George Washington Papers

From George Washington to Major General Philip Schuyler, 17–18 July 1776

To Major General Philip Schuyler

New York July the 17.[–18] 1776.

Dear Sir

Yesterday Evening I was favored with Yours of the 12th Inst. with Its several Inclosures.

As to the Propriety or Impropriety of Giving up Crown Point & Vacating that Post, It is impossible for me to determine. My Ignorance of the Country, My Unacquaintance with Its Situation & a Variety of Circumstances, will not permit me to pronounce any certain Opinion upon the Subject, or to declare Whether It might or could not be maintained against the Enemy. I doubt not the Measure was duly weighed by the General Officers in Council, & seemed to them best Calculated to secure the Colonies & prevent the Enemy from penetrating into them: However I cannot but observe, tho I do not Mean to Encourage in the smallest Degree, or to give the least Sanction to Inferior Officers, to set up their Opinions against the proceedings & Councils of their superiors, knowing the dangerous Tendency of such a Practice, that the Reasons assigned by the Officers in their Remonstrance, appear to me forcible and of Great Weight. They coincide with my Own Ideas. I have ever understood Crown Point to be an Important Post, & from Its Situation, of the utmost Consequence to Us, Especially if We Mean to keep the Superiority & Mastery of the Lake. If It is abandoned by Us, It is Natural to suppose, the Enemy will possess It. If they do & my Judgment does not Mislead Me, Any Vessels or Gallies we employ upon the Lake will Certainly be in their Rear, & It will not be in our Power to bring them down to Tyonderoga or the post opposite to It, or from thence to have the least Communication with them or the Means of Granting them Succours or Supplies of any Kind. Perhaps it is intended to Employ the Gallies only on the Communication between the two Posts, that of Crown Point & the One now to be Established. How far they would there Answer our Views I cannot tell. As I said before, I have not a sufficient Knowledge of the several Posts or the Neighbouring Country to form an accurate Judgment upon the Matter, & of Consequence do not design any Thing I have said, by Way of Direction, trusting that whatever is best to advance the Interest of the Important struggle we are Engaged in, will be done.

I am extremely sorry to have such Unfavorable Accounts of the Condition of the Army. Sickness Itself is sufficiently bad, but when Discord & Disorder are added, Greater Misfortunes cannot befall It, Except that of a Defeat. While they prevail, there is but little Hopes of Things Succeeding well. I must entreat Your Attention to these Matters & Your Exertions to Introduce more Discipline & to do away the unhappy pernicious Distinctions & Jealousies now subsisting between the Troops of different Governments. Enjoin this upon the Officers, & let them inculcate & press home to the Soldiery, the Necessity of Order & Harmony among them Who are embarked in one Common Cause, & Mutually Contending for all that Freemen hold dear. I am persuaded if the Officers will but exert themselves, these Animosities this Disorder will in a Great Measure subside & Nothing being more Essential to the Service, than that It should, I am hopeful Nothing on their Parts will be Wanting to Effect It.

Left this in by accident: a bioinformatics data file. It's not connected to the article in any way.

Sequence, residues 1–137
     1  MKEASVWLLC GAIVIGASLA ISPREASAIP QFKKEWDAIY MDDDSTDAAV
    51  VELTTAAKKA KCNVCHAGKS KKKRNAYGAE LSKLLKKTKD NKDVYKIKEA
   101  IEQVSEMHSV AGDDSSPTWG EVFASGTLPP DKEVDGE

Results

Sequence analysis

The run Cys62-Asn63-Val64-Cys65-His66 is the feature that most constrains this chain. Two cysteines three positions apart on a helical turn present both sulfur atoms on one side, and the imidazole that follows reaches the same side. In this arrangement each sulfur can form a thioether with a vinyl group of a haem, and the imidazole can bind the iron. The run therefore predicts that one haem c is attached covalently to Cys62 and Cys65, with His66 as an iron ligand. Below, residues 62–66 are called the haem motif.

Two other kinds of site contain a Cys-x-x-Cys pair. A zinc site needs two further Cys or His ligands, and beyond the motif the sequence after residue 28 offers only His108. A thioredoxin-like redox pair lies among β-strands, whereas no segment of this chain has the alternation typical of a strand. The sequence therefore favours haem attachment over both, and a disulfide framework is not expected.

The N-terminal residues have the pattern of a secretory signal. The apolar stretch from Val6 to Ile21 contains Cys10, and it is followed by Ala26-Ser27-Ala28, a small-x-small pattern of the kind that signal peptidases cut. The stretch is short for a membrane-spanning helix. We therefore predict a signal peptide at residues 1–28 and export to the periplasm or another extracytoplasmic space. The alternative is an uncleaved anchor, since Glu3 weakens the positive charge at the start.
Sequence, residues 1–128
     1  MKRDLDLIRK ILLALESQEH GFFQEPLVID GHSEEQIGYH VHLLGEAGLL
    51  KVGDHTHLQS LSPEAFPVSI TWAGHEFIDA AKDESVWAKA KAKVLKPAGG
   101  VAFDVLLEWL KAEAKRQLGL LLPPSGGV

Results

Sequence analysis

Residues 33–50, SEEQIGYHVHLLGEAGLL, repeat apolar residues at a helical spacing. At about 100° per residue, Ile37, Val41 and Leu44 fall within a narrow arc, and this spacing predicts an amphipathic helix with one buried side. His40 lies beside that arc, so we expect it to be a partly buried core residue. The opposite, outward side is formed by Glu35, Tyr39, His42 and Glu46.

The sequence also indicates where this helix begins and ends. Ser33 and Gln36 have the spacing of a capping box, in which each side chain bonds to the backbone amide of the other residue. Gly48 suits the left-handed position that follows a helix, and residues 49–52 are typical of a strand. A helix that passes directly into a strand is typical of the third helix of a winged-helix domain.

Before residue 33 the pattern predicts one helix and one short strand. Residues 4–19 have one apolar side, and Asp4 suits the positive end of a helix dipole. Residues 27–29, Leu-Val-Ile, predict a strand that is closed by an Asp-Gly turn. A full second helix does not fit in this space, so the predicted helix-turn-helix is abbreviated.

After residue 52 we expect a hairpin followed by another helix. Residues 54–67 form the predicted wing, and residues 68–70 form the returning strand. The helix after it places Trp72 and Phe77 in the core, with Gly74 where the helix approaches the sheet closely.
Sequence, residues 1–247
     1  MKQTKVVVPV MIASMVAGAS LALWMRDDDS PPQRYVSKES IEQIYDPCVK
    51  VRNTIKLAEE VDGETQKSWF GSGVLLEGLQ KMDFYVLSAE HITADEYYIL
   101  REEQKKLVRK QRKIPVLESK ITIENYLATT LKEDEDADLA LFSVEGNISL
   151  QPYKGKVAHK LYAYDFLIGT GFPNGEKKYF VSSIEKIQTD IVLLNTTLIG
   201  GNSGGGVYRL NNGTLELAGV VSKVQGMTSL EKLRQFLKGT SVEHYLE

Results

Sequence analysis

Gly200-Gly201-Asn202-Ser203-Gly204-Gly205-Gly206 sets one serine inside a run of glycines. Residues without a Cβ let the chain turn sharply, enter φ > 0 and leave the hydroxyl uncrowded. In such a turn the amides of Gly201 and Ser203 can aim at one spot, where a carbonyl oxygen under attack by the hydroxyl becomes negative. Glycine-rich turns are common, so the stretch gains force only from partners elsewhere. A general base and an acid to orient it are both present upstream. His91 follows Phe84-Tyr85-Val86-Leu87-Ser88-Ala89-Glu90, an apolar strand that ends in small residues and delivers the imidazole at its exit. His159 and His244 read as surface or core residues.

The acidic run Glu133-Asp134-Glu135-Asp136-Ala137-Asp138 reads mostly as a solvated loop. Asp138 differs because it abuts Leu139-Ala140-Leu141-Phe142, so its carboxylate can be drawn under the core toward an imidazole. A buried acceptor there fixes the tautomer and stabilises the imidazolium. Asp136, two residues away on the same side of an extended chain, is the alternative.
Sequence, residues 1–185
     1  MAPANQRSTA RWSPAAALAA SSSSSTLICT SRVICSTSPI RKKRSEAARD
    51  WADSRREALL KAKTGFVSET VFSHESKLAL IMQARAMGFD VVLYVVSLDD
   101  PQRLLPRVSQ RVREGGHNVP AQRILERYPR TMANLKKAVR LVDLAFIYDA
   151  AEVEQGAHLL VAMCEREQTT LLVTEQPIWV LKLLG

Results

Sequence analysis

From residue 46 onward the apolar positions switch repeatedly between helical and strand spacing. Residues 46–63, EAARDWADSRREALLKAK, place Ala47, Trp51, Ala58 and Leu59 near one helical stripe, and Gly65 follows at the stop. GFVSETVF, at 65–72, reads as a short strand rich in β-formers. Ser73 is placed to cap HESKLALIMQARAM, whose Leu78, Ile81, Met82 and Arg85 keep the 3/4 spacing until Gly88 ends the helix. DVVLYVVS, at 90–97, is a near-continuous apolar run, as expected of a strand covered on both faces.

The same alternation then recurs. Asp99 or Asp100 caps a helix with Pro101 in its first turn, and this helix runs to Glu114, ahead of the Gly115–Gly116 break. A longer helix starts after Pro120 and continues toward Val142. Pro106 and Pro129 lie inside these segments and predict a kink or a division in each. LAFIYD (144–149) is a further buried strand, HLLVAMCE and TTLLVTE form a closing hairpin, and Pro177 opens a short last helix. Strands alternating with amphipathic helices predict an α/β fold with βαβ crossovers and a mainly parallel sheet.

The Scarcity of Provisions which You mention surprizes Me much. I had hoped that an ample & Competent supply for a Considerable Time, was now in store, Nor Can I but Conclude1 the most lavish and extravagant Waste has been made of It. Not longer than three or four Days ago & Just after the two Men of War & Tenders passed by, as Mentioned in my last,2 the Situation of the Northern Army in Respect to this Article occurred to my Mind & induced an Inquiry of the Commissary about It, being certain the Water Communication with Albany would be Entirely cutt off, & was happy to find from him, that the Supplies he had forwarded with such a Proportion of Fresh Meat as could be easily procured would be fully sufficient for 10,000 Men for four Months. This I informed Congress of, as a most fortunate Event.3 To be told now that there is None, or next to None is so Contrary to What I expected, That I am filled with Wonder & Astonishment. I have informed the Commissary of It, who is equally surprized & Must request, as Our Navigation is so Circumstanced, that You will direct those, Whose Business It is, to Use Every possible Means to provide such supplies, as may be Necessary & that proper Attention be paid to the Expenditure or It will be impossible Ever to subsist that Army.